It's June, voting for the Democratic primary starts in just a few days, and a lot of people still don't understand how ranked choice voting works. Oh, I'm not talking about you, beloved Gothamist/WNYC readers—you've already practiced voting on fictional NYC mayors and favorite Big Apple books. But there are still many New Yorkers who don't quite get it. So Mayor Bill de Blasio tried to break it down today in the most relatable terms possible: By demonstrating rank choice voting on pizza toppings.
De Blasio has been loathe in recent weeks to reveal exactly who he is voting for in the upcoming primary, so he instead started a contest in which all New Yorkers can weigh in on their favorite pizza toppings—just go here to vote now, the winner will be announced next week—to try to illustrate how ranked choice voting works.
"Just speak from the heart, think from the heart – rank," de Blasio said on Thursday morning. "And I don't know what's going to win when we're starting this contest. I want all New Yorkers to weigh in, I think this could be an important moment to clarify what New Yorkers really want for the future of pizza in the city."
Credit where credit's due: Some people say that de Blasio has been leaning into this whole "senioritis" thing as of late, with pressers in which he feasted on Shake Shack fries and showed off Knicks and Nets gear, but this demonstration really worked for me. It was a fun, interactive way of clearly explaining ranked choice to the public, one in which de Blasio got to vamp in a, dare I say, charming way.
But of course, his specific topping choices were completely wacky. That started with passing over favorites such as pepperoni for...green peppers.
"Now, a lot of people don't appreciate green peppers enough," he said. "I have Southern Italian roots, roasted peppers are a very big, important part of our life—number-one in a big way for me, okay? I didn't even have to question what my number-one vote would be—green peppers."
He went on to rank olives second ("This one's a little controversial...some people think always belong on a pizza, some people are really against it, but I have had very good experiences with olives"); sausage third ("[But it] has to be good – really good. There's a place in Brooklyn, and also in the Village, Faicco’s – incredible sausage, I’d recommend that"); mushrooms fourth ("Congratulations, mushrooms – you're often maligned, you're misunderstood, but you still got on my ranking"); and pepperoni fifth.
He also took a few moments to lambast his least favorite choice, pineapple, which came up a few times throughout the presser.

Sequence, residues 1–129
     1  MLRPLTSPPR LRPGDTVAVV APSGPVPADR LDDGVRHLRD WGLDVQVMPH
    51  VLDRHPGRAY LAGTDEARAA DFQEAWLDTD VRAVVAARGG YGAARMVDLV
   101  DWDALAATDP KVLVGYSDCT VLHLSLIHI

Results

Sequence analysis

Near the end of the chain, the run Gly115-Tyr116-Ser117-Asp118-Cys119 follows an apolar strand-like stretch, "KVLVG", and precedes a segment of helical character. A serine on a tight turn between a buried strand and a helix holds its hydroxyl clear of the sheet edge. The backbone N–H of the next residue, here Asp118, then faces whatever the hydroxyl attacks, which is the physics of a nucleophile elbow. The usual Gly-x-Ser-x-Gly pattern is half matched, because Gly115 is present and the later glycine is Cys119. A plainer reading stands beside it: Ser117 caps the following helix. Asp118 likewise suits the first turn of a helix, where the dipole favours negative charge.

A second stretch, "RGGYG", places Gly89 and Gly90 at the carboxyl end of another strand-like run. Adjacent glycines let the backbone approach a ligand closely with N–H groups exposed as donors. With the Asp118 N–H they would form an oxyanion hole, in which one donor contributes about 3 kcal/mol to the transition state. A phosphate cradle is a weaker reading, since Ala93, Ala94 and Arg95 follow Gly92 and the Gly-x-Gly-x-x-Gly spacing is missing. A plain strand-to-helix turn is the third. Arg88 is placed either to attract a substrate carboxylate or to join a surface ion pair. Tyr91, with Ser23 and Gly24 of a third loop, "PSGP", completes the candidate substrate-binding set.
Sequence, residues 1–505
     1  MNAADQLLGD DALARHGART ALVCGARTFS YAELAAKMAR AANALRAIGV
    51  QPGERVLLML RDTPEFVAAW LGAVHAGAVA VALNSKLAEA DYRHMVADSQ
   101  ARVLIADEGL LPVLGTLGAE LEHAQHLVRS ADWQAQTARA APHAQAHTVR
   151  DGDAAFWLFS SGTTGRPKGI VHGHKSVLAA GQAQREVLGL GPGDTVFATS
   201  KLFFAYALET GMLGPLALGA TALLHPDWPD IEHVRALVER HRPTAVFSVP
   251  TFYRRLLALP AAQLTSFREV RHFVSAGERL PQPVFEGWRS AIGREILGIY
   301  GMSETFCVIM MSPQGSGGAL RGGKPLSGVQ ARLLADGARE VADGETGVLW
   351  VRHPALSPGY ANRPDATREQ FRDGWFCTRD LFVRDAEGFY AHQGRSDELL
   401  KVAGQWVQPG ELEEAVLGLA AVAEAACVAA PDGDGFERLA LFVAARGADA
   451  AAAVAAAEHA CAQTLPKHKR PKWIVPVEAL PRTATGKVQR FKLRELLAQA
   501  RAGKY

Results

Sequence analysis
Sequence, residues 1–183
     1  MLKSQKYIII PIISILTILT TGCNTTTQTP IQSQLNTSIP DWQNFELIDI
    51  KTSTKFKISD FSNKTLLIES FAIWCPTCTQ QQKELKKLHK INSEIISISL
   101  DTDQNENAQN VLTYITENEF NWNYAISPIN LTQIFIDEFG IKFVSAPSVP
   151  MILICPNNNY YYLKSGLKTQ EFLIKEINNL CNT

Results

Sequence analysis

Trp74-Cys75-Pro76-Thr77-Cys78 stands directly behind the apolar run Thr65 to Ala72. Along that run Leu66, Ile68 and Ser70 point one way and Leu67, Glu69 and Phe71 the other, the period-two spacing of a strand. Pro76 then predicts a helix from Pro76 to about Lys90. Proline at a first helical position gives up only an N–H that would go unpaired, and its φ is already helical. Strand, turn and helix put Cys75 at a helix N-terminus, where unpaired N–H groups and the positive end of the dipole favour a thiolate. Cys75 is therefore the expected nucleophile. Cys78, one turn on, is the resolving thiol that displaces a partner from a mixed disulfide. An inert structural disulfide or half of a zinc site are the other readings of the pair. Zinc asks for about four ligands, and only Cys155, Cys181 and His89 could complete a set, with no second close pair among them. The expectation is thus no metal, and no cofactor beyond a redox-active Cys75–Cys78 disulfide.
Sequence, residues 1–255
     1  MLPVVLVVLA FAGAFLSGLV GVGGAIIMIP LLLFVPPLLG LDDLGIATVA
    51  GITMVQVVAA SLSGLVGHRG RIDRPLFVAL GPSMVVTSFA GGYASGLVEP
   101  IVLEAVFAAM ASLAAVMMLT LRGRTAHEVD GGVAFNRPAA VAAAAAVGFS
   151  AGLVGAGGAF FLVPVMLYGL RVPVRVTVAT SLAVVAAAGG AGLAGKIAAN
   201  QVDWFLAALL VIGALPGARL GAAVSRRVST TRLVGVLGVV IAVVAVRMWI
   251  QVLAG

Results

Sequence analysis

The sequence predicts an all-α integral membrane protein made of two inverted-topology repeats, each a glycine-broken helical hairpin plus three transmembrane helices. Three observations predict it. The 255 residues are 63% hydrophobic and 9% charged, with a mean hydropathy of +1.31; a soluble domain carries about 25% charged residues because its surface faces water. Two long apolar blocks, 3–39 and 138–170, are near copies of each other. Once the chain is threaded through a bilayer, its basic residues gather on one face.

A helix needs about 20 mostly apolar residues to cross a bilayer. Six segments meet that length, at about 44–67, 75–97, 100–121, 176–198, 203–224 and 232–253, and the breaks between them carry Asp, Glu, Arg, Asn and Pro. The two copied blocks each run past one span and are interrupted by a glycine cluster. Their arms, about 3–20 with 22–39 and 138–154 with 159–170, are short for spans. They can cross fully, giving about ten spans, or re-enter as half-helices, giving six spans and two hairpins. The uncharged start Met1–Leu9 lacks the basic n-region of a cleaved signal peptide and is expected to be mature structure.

"Let me tell you what never, ever, ever should be voted for," he said. "This is ridiculous, okay? Pineapple doesn't belong on pizza. We're not in California. Okay? It is like—this is sacrilegious in Italy to put pineapple on a pizza.
He also reflected on his "sacrilegious in New York City" act of eating a pizza with a fork and knife just 10 days into his first term as mayor. "I didn't feel it was controversial. I, you know, I felt like I was living my truth," de Blasio argued. "Okay. And there's some pizzas that should be eaten with a knife and fork and some that shouldn't. And I'm okay with that. So, if anyone wants to have that debate. I mean, that's right up there with the pineapple debate, obviously. But I'm ready for that. Bring it. That's my message."
Toward the end the press conference, one reporter tried to get de Blasio to weigh in on the actual mayoral race by asking which candidate is his pineapple.
"I appreciate the clever, thoughtful question," de Blasio said after clapping for the reporter. "You took the moment, you went with it, but, again, I'm going to watch very carefully all of the candidates, and I'm going to make my own decisions personally. Of course, I'm going to be voting. I'm going to be doing five candidates. And I'm going to think about if, how, when to share my thoughts with the people of New York City. But we're just not there yet, but we are there on pizza."
"Let me just say: pineapple, I respect you greatly, just get the hell away from pizza. Okay. Live your own life. Go independent. Do your own thing. Get away from my pizza," he said at the very end of the presser.
It should be noted that pizza toppings isn't the only way in which the city is trying to reach out to people to explain the intricacies of ranked choice. There's also Ranked Choice Dim Sum, which has popped up for some people as an ad on Instagram.